Canadian soldier killed in attack by driver with links to radical Islam
Royal Canadian Mounted Police spokesman David Falls said Monday the suspect 'was known to Federal authorities' and 'authorities were concerned that he had become radicalized.'
One of two Canadian soldiers hit by a car in a city near Montreal has died and authorities are examining whether the driver's links to radical Islam had spurred the attack. Neighbors said he was a recent convert.
Quebec provincial police spokeswoman Genevieve Bruno confirmed Tuesday one of the two soldiers died from his injuries. The other soldier's injuries were less serious.
The soldier's name was not released at the request of the family.
The suspect, Martin Couture Rouleau, 25, was shot by police following a car chase and later died.
An official familiar with the case confirmed the suspect's name and that he had fallen under the influence of radical Islam. The official spoke on condition of anonymity because he was not authorized to speak publicly about the case.
Royal Canadian Mounted Police spokesman David Falls said Monday the suspect "was known to Federal authorities" and "authorities were concerned that he had become radicalized."
Police declined to provide further details, citing the ongoing investigation.
There was no answer at Rouleau's single story white brick home in Saint-Jean-sur-Richelieu, Quebec, on Tuesday morning, and no sign of police.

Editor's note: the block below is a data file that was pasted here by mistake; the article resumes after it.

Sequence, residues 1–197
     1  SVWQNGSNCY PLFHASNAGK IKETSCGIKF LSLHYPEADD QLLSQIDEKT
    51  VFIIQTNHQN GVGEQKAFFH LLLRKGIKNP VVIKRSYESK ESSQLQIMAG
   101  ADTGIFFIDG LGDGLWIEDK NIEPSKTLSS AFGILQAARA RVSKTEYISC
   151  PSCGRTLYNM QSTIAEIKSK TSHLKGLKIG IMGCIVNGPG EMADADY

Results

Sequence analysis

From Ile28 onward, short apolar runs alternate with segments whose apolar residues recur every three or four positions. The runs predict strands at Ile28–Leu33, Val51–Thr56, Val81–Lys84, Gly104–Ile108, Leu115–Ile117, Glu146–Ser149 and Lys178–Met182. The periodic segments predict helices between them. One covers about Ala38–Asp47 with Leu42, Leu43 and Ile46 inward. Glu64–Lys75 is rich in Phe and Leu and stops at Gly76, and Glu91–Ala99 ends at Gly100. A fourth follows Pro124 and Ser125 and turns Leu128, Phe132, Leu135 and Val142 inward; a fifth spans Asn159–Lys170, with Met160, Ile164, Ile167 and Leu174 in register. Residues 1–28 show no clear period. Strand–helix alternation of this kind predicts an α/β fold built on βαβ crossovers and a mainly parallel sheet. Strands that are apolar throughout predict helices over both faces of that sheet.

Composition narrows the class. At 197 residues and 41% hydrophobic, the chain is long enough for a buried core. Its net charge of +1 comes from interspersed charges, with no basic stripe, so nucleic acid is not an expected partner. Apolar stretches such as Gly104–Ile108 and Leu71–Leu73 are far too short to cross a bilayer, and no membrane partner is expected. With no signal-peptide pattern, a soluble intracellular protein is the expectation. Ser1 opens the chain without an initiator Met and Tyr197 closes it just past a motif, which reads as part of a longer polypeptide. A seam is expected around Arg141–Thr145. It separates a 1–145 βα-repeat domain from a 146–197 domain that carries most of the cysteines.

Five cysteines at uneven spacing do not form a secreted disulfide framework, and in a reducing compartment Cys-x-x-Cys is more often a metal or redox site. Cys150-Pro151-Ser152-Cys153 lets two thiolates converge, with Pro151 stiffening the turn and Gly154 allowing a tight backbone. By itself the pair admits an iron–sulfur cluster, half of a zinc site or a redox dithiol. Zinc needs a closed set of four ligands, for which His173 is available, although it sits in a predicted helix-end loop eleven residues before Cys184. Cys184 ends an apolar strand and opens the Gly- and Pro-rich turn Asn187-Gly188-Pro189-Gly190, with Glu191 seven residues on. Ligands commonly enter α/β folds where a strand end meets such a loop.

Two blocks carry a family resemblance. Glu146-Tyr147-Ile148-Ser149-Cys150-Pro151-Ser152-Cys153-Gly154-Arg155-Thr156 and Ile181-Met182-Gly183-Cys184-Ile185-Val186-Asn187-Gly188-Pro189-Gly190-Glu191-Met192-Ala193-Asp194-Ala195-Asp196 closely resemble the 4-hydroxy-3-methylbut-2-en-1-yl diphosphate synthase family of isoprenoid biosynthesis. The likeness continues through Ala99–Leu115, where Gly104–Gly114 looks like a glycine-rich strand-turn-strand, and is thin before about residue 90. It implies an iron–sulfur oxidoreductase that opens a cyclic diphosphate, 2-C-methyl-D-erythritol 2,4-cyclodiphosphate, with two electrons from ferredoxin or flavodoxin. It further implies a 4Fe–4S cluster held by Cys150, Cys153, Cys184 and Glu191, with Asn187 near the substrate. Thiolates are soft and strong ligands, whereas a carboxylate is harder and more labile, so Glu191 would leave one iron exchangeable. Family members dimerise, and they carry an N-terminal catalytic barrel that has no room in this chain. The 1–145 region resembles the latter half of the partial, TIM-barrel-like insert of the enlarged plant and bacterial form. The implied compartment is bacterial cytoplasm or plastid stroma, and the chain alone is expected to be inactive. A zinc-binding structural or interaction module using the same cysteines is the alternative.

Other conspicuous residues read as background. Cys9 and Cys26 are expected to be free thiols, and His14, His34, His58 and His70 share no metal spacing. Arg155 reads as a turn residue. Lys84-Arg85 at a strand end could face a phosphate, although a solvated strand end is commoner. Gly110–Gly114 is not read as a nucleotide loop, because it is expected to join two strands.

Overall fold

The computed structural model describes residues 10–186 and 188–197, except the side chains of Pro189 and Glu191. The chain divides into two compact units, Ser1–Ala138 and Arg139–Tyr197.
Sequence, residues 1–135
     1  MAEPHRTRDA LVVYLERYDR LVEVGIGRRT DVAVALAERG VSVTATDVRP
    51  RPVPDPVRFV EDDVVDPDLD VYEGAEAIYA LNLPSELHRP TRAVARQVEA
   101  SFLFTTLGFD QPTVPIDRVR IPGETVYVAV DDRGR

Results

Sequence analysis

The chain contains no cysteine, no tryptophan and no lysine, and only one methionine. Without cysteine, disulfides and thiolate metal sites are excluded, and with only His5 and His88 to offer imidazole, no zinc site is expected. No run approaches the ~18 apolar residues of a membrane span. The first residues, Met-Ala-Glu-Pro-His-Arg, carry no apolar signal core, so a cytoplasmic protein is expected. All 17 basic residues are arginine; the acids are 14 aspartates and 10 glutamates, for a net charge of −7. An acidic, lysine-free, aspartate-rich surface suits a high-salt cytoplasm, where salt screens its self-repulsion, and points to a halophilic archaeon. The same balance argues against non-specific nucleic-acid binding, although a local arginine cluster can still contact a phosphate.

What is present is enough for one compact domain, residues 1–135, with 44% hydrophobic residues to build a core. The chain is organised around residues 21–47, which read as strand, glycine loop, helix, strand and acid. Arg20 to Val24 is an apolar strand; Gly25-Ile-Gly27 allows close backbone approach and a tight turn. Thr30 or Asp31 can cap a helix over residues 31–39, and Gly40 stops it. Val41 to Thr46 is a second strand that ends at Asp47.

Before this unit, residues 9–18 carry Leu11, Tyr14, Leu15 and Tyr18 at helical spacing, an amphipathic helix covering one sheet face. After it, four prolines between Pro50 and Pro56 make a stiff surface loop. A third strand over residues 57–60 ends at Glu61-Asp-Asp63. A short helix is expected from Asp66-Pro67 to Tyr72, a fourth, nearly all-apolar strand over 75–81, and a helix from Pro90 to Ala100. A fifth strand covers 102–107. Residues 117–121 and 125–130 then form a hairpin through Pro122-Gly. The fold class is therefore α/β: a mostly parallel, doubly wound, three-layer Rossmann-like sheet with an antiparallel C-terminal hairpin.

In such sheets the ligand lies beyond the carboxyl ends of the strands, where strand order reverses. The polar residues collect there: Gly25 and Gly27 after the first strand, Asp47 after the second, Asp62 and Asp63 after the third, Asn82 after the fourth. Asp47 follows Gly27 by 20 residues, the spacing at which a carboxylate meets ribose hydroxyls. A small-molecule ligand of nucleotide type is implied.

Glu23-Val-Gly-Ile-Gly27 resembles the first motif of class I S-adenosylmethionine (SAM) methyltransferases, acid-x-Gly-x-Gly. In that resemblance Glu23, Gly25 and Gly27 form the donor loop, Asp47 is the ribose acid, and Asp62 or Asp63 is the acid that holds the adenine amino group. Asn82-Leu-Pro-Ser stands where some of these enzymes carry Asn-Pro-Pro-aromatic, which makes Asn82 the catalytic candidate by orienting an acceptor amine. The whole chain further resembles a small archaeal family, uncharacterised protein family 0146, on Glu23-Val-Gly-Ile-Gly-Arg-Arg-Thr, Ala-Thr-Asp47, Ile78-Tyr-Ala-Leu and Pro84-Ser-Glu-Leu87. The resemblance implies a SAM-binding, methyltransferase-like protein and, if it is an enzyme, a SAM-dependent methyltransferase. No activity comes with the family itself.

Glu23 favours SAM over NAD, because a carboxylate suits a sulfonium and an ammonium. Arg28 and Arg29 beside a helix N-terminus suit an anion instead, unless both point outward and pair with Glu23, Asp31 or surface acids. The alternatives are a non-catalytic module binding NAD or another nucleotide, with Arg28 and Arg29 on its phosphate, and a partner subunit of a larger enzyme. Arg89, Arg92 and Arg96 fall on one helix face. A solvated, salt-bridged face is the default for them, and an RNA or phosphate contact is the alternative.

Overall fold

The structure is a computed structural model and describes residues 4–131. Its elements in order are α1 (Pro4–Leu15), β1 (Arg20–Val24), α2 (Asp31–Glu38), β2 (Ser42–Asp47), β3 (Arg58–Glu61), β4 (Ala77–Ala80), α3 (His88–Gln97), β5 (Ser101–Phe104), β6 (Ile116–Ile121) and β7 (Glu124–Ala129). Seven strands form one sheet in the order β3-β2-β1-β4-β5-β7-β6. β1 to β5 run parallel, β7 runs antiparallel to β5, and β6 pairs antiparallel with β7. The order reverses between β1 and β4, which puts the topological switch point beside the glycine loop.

Neighbor Daniel Fortin said he had known Rouleau, who lived with his father, since he was a child.
Fortin said over the past year or so, Rouleau grew out his beard and began wearing loose-fitting Muslim clothing but that he never felt threatened by him.
Fortin said Roleau's father was worried as he became increasingly radicalized and "tried everything," to help him.
Another neighbor, who didn't want to be named, said she didn't know the family well but saw police visit the home on more than one occasion over the past few months.
Quebec provincial police Lt. Michel Brunet said Monday the suspect fled the scene of the attack and was pursued by police for about 4 kilometers (2.5 miles) before he lost control of the car, which rolled over several times. Police shot him after he exited the car.
Brunet said they found a knife on the ground but he could not say if the suspect had it in his hand when police opened. Television images showed a large knife in the grass near the flipped-over car.
Brunet would not say if the soldiers were wearing uniforms at the time they were struck.
Harper said earlier Monday in Parliament that he was aware of the reports and called them "extremely troubling."
"First and foremost our thoughts and prayers are with the victims and their families; we're closely monitoring the situation and obviously we will make available all of the resources of the federal government," Harper said.
The case is similar to one in London last year in which an al-Qaida-inspired extremist and another man ran over a soldier with a car before hacking the off-duty soldier to death.
Images of Michael Adebolajo, 29, holding a butcher knife and cleaver with bloodied hands in the moments after the May 2013 killing of Fusilier Lee Rigby shocked people around the world and sparked fears of Islamist terrorism in Britain.
The Islamic State group has urged supporters to carry out attacks against Western countries, including Canada, that are participating in the U.S.-led coalition fighting the militants who have taken over large swaths of territory in Iraq and Syria. It was not known whether the suspect in the Quebec attack had any ties to Islamic militant groups.